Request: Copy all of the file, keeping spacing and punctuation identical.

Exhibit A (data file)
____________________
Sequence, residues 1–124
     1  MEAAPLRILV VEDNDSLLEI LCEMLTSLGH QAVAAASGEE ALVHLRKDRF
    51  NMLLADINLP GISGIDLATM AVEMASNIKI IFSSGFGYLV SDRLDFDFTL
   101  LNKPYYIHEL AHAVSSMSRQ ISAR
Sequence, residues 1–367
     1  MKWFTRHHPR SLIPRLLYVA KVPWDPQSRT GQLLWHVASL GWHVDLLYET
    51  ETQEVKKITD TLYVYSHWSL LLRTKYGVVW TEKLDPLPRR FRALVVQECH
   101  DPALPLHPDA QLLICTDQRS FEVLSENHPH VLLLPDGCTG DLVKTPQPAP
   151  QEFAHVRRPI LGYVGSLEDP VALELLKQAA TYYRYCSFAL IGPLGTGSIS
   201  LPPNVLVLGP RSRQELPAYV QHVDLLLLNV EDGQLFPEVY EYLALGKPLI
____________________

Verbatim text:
Sequence, residues 1–124
     1  MEAAPLRILV VEDNDSLLEI LCEMLTSLGH QAVAAASGEE ALVHLRKDRF
    51  NMLLADINLP GISGIDLATM AVEMASNIKI IFSSGFGYLV SDRLDFDFTL
   101  LNKPYYIHEL AHAVSSMSRQ ISAR
Sequence, residues 1–367
     1  MKWFTRHHPR SLIPRLLYVA KVPWDPQSRT GQLLWHVASL GWHVDLLYET
    51  ETQEVKKITD TLYVYSHWSL LLRTKYGVVW TEKLDPLPRR FRALVVQECH
   101  DPALPLHPDA QLLICTDQRS FEVLSENHPH VLLLPDGCTG DLVKTPQPAP
   151  QEFAHVRRPI LGYVGSLEDP VALELLKQAA TYYRYCSFAL IGPLGTGSIS
   201  LPPNVLVLGP RSRQELPAYV QHVDLLLLNV EDGQLFPEVY EYLALGKPLI